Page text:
At No 11, It's Victorian Values Again

By Hunt, Tristram | New Statesman (1996), October 9, 2000 | Go to article overview

At No 11, It's Victorian Values Again


Hunt, Tristram, New Statesman (1996)


Tristram Hunt argues that the Chancellor is an essentially Dickensian character

In the run-up to the 1983 election campaign, Margaret Thatcher discovered "Victorian values". The Victorian age, she decreed, had been treated very badly by years of socialist propaganda. It was not an age of Dickensian squalor, but of decent values, hard work and self-respect. Reaction from the Labour Party was swift and damning: "Victorian Britain was a place where a few got rich and most got hell," retorted the young Neil Kinnock.

But that was old Labour and this is new Labour. Seventeen years on, the Labour Party can't get enough of Victorian values. New Labour is instinctively drawn to the Victorians -- fiscally, culturally and politically. Much of the rhetoric and moral purpose of this government, from foreign policy to the New Deal, resonates with the old certainties of the 19th century. But while righteous government attracts many, it can put off equally large numbers. When Peter Kilfoyle recently spoke of how his constituents resented "being chastised for being unemployed", he spoke for many on the left who don't look too fondly on the Victorian past and its taste for moral hubris.

The Chancellor is undoubtedly a man of the 19th century. Prudence. Self-help. Charity. These are the Victorian values that Thatcher annexed as Conservative, but which Gordon Brown is slowly trying to regain for the centre left. Fiscally, he is attracted to the stable expenditure and low taxes of Gladstonian finances. But it is his conjunction of economics and morality that marks him out. His guiding belief in the redemptive value of work -- in and of itself -- is thoroughly Victorian. Brown believes in the Atonement of Employment, not the Gospel of the Free Market. As long as the unemployed remain without work, the Chancellor is there to save them. With messianic fervour, he has expanded the New Deal to encompass any remaining jobless. When Ir'n Broon says he is going to "make work pay", you sense he means it in a very personal way. The Chancellor's tight grip on public finances, his horror of inflation, his constant strictures to business to improve productivity -- these are all tinged with a passionate mor al rectitude. There is a distinct impression that he enjoys nothing more than making a few painful decisions.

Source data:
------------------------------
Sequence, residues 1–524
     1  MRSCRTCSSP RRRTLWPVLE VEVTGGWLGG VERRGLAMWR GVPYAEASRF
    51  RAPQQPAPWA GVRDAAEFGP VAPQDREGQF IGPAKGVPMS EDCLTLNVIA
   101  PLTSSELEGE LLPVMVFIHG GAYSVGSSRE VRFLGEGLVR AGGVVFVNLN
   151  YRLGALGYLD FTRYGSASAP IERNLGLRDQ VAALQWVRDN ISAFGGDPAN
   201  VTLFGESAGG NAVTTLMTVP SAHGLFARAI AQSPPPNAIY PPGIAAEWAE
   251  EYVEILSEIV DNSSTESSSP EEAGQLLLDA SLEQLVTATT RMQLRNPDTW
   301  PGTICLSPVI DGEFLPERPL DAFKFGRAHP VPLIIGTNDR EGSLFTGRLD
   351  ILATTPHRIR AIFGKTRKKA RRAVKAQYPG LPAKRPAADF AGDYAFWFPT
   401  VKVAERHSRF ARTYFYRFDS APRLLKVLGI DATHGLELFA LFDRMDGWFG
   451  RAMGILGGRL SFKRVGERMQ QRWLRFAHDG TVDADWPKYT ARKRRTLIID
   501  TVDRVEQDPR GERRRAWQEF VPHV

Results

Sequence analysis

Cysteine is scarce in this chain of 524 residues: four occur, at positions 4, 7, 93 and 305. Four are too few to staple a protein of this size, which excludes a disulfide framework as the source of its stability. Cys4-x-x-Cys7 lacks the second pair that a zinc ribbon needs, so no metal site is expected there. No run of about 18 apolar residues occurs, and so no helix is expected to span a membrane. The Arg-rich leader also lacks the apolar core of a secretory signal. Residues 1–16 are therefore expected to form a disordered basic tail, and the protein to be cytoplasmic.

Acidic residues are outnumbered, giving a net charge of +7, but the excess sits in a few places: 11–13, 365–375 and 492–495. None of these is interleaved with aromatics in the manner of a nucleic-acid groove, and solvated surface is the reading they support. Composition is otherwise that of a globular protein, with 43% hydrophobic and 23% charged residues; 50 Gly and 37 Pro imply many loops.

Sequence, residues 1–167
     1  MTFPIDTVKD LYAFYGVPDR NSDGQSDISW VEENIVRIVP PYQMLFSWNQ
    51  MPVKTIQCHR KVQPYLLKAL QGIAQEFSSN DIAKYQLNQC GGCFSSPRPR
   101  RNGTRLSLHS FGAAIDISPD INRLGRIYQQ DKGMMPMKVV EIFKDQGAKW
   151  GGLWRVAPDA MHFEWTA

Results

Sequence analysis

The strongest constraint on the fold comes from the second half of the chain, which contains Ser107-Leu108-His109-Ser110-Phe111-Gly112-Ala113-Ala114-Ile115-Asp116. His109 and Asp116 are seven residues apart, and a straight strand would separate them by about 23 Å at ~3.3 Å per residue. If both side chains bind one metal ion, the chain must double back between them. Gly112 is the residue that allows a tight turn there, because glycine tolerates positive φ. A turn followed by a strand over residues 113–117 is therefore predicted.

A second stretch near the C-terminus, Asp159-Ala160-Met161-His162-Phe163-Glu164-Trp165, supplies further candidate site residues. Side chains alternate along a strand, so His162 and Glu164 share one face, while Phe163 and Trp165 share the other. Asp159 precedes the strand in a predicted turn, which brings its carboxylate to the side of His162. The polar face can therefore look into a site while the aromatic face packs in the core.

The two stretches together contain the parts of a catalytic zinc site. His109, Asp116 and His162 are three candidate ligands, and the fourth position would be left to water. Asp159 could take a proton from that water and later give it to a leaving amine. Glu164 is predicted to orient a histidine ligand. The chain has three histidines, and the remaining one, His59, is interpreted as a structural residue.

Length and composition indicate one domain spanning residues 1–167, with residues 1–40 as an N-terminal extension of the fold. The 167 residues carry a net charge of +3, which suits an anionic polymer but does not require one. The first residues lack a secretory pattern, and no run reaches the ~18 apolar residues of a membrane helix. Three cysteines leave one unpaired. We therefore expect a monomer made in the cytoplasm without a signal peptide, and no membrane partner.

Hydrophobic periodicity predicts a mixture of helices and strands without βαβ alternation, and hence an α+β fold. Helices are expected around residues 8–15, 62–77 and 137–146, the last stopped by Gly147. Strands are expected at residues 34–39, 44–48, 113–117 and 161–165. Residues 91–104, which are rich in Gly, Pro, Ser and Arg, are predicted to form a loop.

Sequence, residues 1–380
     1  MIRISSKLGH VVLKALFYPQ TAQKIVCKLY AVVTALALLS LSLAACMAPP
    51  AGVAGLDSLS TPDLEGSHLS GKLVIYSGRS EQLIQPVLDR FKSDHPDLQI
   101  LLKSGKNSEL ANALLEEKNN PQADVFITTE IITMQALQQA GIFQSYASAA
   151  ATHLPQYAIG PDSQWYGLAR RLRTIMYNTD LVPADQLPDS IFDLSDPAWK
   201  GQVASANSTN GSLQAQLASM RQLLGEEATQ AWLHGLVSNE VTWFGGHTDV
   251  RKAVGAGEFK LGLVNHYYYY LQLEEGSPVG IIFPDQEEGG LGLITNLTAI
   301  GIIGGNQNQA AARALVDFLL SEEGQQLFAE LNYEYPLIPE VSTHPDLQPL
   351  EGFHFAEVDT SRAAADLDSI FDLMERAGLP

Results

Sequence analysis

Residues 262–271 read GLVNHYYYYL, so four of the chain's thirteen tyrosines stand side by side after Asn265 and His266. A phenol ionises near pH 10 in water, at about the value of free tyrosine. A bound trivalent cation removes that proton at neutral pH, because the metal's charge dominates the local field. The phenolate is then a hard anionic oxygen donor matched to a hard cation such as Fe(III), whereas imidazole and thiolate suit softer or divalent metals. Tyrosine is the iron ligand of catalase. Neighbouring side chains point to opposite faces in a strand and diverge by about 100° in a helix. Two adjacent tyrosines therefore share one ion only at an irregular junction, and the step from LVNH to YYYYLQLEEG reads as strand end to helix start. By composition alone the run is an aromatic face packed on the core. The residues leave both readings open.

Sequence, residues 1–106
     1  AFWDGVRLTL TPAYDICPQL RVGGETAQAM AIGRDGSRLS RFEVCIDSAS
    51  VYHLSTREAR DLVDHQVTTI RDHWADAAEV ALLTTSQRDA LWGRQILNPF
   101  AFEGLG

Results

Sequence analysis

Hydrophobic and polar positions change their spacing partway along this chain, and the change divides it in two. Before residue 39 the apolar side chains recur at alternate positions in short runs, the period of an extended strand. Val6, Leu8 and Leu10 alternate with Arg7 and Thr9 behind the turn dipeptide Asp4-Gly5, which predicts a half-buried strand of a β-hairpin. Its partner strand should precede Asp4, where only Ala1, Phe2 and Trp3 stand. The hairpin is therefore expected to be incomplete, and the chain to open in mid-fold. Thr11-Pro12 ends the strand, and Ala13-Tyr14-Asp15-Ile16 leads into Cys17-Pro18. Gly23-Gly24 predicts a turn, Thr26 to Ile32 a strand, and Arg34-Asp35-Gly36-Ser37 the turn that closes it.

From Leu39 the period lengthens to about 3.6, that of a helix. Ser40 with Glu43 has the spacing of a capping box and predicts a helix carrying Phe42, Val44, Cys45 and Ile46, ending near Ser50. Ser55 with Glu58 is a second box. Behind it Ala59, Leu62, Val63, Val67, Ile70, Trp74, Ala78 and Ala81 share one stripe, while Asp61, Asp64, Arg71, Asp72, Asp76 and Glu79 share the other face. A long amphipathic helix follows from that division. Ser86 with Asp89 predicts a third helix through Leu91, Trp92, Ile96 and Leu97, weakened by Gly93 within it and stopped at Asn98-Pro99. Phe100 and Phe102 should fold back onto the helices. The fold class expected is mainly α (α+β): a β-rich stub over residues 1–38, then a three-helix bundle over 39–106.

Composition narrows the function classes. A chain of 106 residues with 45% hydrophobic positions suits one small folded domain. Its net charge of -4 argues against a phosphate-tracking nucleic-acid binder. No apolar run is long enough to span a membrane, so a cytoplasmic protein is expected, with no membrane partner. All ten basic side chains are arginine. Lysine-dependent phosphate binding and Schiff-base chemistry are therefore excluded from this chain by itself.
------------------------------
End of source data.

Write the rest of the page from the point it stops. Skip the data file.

Across the economic spectrum, the old values are returning. Whereas previous Labour governments have spent what they have not earned, Brown has followed the advice of Thatcher's Victorian grandmother: "We were taught to work jolly hard; we were taught to live within our income." It is now called "locking in stability".

The retreat from the old-left belief in the proficiency of state welfare has also changed the Labour Party's traditional distaste for Victorian voluntary provision. The 19th-century heritage of friendly societies and community-based self-help groups is actively encouraged by new Labour.

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